Inhibition of Diaphanous Formin Signaling In Vivo Impairs Cardiovascular Development and Alters Smooth Muscle Cell Phenotype

Laura Weise-Cross, Joan M Taylor, Christopher P Mack
Arteriosclerosis, Thrombosis, and Vascular Biology 2015, 35 (11): 2374-83

OBJECTIVE: We and others have previously shown that RhoA-dependent stimulation of myocardin-related transcription factor nuclear localization promotes smooth muscle cell (SMC) marker gene expression. The goal of this study was to provide direct in vivo evidence that actin polymerization by the diaphanous-related formins contributes to the regulation of SMC differentiation and phenotype.

APPROACH AND RESULTS: Conditional Cre-based genetic approaches were used to overexpress a well-characterized dominant-negative variant of mDia1 (DNmDia) in SMC. DNmDia expression in SM22-expressing cells resulted in embryonic and perinatal lethality in ≈20% of mice because of defects in myocardial development and SMC investment of peripheral vessels. Although most DNmDia(+)/SM22Cre(+) mice exhibited no overt phenotype, the re-expression of SMC differentiation marker gene expression that occurs after carotid artery ligation was delayed, and this effect was accompanied by a significant decrease in myocardin-related transcription factor-A nuclear localization. Interestingly, neointima growth was inhibited by expression of DNmDia in SMC and this was likely because of a defect in directional SMC migration and not to defects in SMC proliferation or survival. Finally, by using the tamoxifen-inducible SM MHC-CreER(T2) line, we showed that SMC-specific induction of DNmDia in adult mice decreased SMC marker gene expression.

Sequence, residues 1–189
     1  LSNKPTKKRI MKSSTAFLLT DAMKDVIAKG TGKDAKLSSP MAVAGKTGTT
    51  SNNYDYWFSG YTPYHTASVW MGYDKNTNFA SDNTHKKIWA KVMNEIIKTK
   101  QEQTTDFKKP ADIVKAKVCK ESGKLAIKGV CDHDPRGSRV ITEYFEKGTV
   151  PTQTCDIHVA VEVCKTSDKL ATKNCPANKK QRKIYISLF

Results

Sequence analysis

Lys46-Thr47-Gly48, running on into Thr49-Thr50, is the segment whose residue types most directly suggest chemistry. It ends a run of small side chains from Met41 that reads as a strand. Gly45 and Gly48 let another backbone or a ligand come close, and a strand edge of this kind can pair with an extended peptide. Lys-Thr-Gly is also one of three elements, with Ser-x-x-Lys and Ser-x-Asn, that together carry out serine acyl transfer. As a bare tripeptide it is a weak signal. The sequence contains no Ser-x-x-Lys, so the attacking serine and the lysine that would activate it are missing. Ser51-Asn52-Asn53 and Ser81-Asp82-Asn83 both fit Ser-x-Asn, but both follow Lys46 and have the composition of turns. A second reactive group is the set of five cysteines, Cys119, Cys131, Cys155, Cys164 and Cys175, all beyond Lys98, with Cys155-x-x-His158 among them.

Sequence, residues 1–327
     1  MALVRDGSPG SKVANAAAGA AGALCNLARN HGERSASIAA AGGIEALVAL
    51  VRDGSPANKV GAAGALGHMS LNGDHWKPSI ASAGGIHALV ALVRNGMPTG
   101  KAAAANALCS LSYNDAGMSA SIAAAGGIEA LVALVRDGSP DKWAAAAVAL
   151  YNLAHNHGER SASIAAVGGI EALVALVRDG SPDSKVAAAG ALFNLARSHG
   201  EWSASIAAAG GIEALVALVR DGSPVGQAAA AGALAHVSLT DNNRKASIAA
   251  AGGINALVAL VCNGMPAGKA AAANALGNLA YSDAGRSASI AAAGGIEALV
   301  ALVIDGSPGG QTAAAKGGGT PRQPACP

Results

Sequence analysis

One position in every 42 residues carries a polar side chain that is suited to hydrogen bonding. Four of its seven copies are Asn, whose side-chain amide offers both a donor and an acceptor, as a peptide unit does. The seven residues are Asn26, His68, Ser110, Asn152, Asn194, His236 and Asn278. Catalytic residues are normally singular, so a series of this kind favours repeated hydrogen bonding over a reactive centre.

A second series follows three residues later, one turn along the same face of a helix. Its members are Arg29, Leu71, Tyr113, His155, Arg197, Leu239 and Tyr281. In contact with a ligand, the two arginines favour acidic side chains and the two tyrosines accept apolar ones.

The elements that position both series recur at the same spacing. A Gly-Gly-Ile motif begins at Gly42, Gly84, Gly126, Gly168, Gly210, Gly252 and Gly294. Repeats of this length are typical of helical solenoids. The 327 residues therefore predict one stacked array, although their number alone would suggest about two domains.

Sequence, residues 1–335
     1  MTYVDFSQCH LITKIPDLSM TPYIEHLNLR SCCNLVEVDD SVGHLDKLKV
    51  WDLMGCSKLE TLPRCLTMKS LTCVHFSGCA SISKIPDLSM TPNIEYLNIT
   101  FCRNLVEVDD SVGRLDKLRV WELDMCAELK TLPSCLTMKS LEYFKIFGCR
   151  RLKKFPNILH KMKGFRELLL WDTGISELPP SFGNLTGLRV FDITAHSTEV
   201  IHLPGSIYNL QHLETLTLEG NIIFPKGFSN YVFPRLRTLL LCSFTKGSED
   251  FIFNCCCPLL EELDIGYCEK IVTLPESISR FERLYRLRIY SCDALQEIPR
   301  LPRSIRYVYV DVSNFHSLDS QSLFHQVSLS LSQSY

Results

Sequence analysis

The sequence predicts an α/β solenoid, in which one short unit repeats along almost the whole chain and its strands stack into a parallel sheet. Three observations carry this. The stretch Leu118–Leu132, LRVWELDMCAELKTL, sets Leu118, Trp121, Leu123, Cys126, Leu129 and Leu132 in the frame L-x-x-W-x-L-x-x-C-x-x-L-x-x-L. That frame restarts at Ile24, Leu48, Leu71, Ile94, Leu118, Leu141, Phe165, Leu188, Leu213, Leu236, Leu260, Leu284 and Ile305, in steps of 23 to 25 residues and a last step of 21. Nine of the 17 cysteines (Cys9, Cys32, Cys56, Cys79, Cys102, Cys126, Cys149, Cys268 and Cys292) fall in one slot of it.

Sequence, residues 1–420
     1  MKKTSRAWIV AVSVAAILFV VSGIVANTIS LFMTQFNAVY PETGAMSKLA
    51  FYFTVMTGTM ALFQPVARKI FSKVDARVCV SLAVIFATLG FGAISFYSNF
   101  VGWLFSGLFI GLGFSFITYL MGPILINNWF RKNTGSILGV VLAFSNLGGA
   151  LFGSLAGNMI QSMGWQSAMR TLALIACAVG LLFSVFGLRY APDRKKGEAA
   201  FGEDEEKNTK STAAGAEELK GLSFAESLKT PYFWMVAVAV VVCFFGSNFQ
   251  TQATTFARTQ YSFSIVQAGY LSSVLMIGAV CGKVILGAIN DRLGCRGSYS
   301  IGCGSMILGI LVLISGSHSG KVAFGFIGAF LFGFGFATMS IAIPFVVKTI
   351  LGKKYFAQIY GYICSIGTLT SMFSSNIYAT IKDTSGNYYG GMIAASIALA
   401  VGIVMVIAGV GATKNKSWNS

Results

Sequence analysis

CONCLUSIONS: Our demonstration that diaphanous-related formin signaling plays a role in heart and vascular development and the maintenance of SMC phenotype provides important new evidence that Rho/actin/myocardin-related transcription factor signaling plays a critical role in cardiovascular function.

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